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Construction Spending increased in January

Summary:
From the Census Bureau reported that overall construction spending decreased in December:Construction spending during January 2019 was estimated at a seasonally adjusted annual rate of ,279.6 billion, 1.3 percent above the revised December estimate of ,263.1 billion. The January figure is 0.3 percent above the January 2018 estimate of ,276.3 billion.Both private and public spending increased:Spending on private construction was at a seasonally adjusted annual rate of 6.0 billion, 0.2 percent above the revised December estimate of 4.2 billion. ...In January, the estimated seasonally adjusted annual rate of public construction spending was 3.6 billion, 4.9 percent above the revised December estimate of 9.0 billion. emphasis added Click on graph for larger image.This graph

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From the Census Bureau reported that overall construction spending decreased in December:
Construction spending during January 2019 was estimated at a seasonally adjusted annual rate of $1,279.6 billion, 1.3 percent above the revised December estimate of $1,263.1 billion. The January figure is 0.3 percent above the January 2018 estimate of $1,276.3 billion.
Both private and public spending increased:
Spending on private construction was at a seasonally adjusted annual rate of $966.0 billion, 0.2 percent above the revised December estimate of $964.2 billion. ...

In January, the estimated seasonally adjusted annual rate of public construction spending was $313.6 billion, 4.9 percent above the revised December estimate of $299.0 billion.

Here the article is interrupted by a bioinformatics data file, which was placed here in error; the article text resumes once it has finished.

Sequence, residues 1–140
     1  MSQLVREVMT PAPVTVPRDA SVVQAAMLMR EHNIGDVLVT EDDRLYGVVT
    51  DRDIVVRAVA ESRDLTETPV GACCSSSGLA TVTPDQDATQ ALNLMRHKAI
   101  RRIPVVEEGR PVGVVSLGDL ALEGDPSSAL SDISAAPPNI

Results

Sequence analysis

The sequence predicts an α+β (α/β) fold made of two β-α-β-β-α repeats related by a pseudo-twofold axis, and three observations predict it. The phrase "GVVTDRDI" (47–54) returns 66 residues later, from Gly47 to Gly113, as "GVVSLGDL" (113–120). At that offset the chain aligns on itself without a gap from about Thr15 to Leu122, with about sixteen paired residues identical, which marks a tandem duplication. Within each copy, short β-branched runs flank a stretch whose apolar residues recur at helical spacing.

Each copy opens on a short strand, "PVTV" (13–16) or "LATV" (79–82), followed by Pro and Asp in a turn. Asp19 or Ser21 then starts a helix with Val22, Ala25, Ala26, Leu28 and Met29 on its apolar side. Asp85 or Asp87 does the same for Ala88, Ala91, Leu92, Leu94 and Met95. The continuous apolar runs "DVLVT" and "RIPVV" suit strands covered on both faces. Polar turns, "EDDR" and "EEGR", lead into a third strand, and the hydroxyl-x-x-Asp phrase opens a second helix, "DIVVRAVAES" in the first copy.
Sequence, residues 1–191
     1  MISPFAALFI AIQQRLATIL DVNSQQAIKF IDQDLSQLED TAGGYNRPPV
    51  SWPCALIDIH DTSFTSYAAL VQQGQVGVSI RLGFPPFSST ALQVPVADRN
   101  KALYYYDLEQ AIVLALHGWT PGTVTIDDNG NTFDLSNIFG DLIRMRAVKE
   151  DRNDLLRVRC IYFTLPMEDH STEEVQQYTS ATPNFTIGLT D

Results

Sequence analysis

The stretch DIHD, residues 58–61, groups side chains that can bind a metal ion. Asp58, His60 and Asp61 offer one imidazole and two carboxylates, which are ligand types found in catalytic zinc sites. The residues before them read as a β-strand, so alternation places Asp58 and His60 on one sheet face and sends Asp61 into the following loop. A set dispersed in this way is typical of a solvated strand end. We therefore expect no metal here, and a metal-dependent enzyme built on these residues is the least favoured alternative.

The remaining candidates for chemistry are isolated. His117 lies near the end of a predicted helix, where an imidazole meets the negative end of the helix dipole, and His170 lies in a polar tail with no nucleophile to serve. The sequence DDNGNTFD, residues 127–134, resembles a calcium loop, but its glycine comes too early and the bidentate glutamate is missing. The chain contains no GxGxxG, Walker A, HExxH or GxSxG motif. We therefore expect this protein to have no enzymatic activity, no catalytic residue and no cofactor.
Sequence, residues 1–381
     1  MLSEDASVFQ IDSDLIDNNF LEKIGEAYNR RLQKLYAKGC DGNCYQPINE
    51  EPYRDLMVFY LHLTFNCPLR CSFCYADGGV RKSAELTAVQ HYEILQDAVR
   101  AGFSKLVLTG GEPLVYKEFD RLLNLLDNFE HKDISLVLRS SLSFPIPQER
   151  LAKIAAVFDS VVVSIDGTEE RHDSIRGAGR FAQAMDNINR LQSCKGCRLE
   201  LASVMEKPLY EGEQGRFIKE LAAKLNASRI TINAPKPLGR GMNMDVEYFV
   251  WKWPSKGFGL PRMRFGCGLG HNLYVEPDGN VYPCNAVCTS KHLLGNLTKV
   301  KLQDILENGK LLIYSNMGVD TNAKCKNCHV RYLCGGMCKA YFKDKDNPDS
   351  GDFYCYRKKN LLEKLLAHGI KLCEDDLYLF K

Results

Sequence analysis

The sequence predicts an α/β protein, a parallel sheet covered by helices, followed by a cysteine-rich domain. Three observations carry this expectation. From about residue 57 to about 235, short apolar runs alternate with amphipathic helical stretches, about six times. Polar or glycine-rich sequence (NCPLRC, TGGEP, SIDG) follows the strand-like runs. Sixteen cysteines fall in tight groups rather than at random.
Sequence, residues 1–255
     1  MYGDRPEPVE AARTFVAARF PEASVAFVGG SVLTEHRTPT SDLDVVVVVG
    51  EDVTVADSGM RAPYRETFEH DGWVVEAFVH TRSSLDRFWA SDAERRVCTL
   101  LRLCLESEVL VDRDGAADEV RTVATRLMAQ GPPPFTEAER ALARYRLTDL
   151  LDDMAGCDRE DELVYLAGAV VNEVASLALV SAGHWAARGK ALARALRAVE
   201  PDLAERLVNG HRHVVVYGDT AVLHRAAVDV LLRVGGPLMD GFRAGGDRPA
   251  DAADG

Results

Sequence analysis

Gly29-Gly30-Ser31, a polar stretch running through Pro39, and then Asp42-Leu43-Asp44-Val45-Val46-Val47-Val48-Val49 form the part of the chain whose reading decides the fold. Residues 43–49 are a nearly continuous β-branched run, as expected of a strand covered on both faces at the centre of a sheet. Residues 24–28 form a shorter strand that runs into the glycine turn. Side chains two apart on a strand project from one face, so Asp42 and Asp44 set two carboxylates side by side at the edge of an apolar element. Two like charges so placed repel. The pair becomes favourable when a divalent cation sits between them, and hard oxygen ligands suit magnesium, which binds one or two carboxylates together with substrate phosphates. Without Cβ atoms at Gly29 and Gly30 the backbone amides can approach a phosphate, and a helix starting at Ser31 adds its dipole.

emphasis added
Construction Spending increased in January Click on graph for larger image.

This graph shows private residential and nonresidential construction spending, and public spending, since 1993. Note: nominal dollars, not inflation adjusted.

Private residential spending had been increasing - although has declined  recently - and is still 25% below the bubble peak.

Non-residential spending is 10% above the previous peak in January 2008 (nominal dollars).

Public construction spending is now 4% below the peak in March 2009, and 20% above the austerity low in February 2014.

Construction Spending increased in JanuaryThe second graph shows the year-over-year change in construction spending.

On a year-over-year basis, private residential construction spending is down 6%. Non-residential spending is up 2% year-over-year. Public spending is up 8% year-over-year.

This was above consensus expectations, however spending for November and December were revised up.
Bill McBride
A full time blogger, Mr. McBride retired as a senior executive from a small public company in the '90s. Mr. McBride holds an MBA from the University of California, Irvine, and has a background in management, finance and economics.

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